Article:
2012 March 2
Paris Fall 2012: Hussein Chalayan, Roland Mouret
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(PARIS) Hussein Chalayan
Lit solitude, no dark, no light, and reverse winter. These were just a few of the themes flashing in pixilated form on Hussein Chalayan's runway. Color blocking was a central component in boxy, neon-cuffed blazers and loose color-on-color dresses layered over skinny metallic trousers. In season's past, Chalayan has revisited this age-old favorite but never as brilliantly or with greater effect. Take, for instance, the tangerine and orange "letterman" jacket with sloped shoulders or a streamlined lime and hunter coat. Simple and sleek monochromatic gowns in racing red or the occasional neutral taupe rounded out a collection that might be Chalayan's best.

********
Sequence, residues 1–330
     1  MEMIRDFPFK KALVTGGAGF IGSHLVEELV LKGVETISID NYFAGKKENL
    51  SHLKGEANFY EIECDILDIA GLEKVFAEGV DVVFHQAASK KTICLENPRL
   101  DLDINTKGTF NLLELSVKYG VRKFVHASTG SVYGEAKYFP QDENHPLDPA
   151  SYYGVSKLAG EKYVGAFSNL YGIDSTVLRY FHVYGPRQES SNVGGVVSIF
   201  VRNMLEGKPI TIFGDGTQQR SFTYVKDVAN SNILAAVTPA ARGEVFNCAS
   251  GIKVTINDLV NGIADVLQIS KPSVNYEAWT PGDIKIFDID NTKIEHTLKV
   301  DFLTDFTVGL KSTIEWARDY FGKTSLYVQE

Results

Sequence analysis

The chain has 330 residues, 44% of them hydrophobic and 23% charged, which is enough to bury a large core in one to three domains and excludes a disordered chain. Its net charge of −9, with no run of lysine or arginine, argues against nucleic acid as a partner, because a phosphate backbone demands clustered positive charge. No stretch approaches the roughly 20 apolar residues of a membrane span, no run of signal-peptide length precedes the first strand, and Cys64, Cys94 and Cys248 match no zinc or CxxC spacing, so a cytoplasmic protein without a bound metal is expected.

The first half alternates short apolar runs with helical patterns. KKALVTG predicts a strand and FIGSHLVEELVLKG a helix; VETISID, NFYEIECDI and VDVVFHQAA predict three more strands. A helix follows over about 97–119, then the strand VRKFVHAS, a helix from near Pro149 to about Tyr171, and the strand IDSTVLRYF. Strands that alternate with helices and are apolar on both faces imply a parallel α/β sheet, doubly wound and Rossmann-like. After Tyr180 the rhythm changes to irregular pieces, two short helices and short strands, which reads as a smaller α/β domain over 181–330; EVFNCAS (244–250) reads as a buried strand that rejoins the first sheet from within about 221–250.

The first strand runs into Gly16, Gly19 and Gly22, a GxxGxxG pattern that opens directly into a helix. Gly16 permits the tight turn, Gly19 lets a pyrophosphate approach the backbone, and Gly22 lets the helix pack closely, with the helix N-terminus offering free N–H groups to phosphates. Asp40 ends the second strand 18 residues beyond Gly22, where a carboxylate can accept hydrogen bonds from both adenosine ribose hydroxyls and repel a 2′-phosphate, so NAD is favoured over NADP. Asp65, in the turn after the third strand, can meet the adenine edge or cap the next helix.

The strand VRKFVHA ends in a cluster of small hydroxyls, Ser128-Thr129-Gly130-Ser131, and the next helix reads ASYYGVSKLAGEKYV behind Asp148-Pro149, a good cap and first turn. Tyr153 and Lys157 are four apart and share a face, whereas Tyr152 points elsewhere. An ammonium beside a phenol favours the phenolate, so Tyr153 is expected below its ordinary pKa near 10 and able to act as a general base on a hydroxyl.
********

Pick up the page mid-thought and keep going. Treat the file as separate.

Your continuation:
In New York, weather reports are forecasting warmer temps hovering in the upper fifties, but in Paris this morning editors were caught in the "big freeze" inside the ballroom at the Westin hotel. Rather, the "big freeze" of 1947, which cast a record-breaking chill over the city of light. "There was a sense of contradiction between a new rising elegance, an haute couture attitude, whilst others struggled to keep warm," read the show notes. Roland Mouret harnessed this morsel of history into the theme of his forties-eque collection, long on his signature hip-hugging dresses that twisted and folded, plus a smattering of retro-style suiting accented with soft shades of lemon or pistachio, subtle origami folds and cutaway backs. A pale reindeer motif drew a few smiles. But it was Mouret's first footwear line, R, that garnered the most attention, with enough boots and booties to outlast a colossal snow-in.